out of their foreheads in coatings of velvety fur. It was also often called the Full Thunder Moon, for the reason that
thunderstorms are most frequent during this time. Another name for this month’s Moon was the Full Hay Moon.

Full Sturgeon Moon: • Full Sturgeon Moon – August The fishing tribes are given credit for the naming of this Moon,
since sturgeon, a large fish of the Great Lakes and other major bodies of water, were most readily caught during this
month. A few tribes knew it as the Full Red Moon because, as the Moon rises, it appears reddish through any sultry
haze. It was also called the Green Corn Moon or Grain Moon.

Full Corn Moon: • Full Corn Moon or Full Harvest Moon – September This full moon’s name is attributed to Native
Americans because it marked when corn was supposed to be harvested. Most often, the September full moon is
actually the Harvest Moon, which is the full Moon that occurs closest to the autumn equinox. In two years out of
three, the Harvest Moon comes in September, but in some years it occurs in October. At the peak of harvest,
farmers can work late into the night by the light of this Moon. Usually the full Moon rises an average of 50 minutes
later each night, but for the few nights around the Harvest Moon, the Moon seems to rise at nearly the same time
each night: just 25 to 30 minutes later across the U.S., and only 10 to 20 minutes later for much of Canada and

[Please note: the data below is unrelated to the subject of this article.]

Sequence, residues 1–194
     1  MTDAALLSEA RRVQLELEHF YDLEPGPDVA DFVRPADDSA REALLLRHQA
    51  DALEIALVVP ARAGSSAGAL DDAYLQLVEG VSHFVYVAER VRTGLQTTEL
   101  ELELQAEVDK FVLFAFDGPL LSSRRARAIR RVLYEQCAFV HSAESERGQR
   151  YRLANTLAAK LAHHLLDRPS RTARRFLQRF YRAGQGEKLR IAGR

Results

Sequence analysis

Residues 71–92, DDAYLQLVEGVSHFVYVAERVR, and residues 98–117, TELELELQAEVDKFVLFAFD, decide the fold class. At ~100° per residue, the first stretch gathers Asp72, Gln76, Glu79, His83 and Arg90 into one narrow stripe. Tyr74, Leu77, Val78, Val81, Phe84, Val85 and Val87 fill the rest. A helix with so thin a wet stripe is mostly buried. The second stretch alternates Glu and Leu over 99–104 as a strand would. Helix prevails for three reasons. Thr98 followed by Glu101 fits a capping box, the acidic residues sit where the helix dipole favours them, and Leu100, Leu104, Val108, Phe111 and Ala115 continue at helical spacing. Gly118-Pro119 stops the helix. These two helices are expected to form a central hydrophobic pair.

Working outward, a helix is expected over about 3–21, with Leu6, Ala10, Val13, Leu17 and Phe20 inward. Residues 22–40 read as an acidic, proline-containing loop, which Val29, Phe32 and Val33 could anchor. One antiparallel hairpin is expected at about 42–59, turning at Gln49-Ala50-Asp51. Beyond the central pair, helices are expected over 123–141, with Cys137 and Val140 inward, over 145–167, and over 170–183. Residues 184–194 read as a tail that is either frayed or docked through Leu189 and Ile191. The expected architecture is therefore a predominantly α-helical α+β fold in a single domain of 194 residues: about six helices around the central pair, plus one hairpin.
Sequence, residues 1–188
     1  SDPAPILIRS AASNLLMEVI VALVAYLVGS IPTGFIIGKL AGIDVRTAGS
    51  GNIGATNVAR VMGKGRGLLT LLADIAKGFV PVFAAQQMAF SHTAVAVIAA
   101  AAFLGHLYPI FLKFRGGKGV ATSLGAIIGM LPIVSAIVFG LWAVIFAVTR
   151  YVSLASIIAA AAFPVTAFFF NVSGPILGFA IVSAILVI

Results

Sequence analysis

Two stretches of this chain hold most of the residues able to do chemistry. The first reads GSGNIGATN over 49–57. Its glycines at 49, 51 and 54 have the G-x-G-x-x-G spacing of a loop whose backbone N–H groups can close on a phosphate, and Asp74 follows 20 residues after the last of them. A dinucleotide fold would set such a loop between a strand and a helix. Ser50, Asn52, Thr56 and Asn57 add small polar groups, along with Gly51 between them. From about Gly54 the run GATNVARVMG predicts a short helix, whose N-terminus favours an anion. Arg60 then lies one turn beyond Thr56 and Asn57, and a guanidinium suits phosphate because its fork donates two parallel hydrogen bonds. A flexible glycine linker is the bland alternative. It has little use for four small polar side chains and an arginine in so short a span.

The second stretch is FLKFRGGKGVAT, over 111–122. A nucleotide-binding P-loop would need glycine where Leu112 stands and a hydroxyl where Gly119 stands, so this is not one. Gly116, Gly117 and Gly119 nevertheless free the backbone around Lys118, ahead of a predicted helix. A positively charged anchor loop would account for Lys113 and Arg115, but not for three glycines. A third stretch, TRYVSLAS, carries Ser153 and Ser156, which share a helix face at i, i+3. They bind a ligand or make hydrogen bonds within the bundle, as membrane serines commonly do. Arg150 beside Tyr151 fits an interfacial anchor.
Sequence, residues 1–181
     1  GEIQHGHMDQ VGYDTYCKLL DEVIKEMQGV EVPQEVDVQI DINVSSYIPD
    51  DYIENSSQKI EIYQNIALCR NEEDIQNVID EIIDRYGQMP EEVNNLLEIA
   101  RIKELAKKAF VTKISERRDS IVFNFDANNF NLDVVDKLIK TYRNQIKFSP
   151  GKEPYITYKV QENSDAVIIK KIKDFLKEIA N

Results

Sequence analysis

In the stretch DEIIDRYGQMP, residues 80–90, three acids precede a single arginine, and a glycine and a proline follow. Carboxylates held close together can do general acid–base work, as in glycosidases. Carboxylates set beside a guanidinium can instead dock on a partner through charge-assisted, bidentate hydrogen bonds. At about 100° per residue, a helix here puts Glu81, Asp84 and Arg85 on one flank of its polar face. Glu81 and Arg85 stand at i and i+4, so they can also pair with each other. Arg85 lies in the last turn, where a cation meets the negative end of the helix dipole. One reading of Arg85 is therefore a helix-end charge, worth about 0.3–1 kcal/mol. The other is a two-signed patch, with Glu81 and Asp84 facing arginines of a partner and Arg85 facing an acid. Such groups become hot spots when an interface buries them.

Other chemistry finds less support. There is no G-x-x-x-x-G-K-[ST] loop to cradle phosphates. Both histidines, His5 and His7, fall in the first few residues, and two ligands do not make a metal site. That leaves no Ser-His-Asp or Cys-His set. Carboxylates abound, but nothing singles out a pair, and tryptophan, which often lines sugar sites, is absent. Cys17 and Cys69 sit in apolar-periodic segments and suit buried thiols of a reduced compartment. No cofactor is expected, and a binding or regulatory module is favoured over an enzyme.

Europe. Corn, pumpkins, squash, beans, and wild rice the chief Indian staples are now ready for gathering.

Full Hunters' Moon: • Full Hunter’s Moon or Full Harvest Moon – October This full Moon is often referred to as the
Full Hunter’s Moon, Blood Moon, or Sanguine Moon. Many moons ago, Native Americans named this bright moon
for obvious reasons. The leaves are falling from trees, the deer are fattened, and it’s time to begin storing up meat for
the long winter ahead. Because the fields were traditionally reaped in late September or early October, hunters
could easily see fox and other animals that come out to glean from the fallen grains. Probably because of the threat
of winter looming close, the Hunter’s Moon is generally accorded with special honor, historically serving as an
important feast day in both Western Europe and among many Native American tribes.

Full Beaver Moon: • Full Beaver Moon – November This was the time to set beaver traps before the swamps froze,
to ensure a supply of warm winter furs. Another interpretation suggests that the name Full Beaver Moon comes from
the fact that the beavers are now actively preparing for winter. It is sometimes also referred to as the Frosty Moon.

Full Cold Moon: • The Full Cold Moon; or the Full Long Nights Moon – December During this month the winter cold
fastens its grip, and nights are at their longest and darkest. It is also sometimes called the Moon before Yule. The
term Long Night Moon is a doubly appropriate name because the midwinter night is indeed long, and because the
Moon is above the horizon for a long time. The midwinter full Moon has a high trajectory across the sky because it
is opposite a low Sun.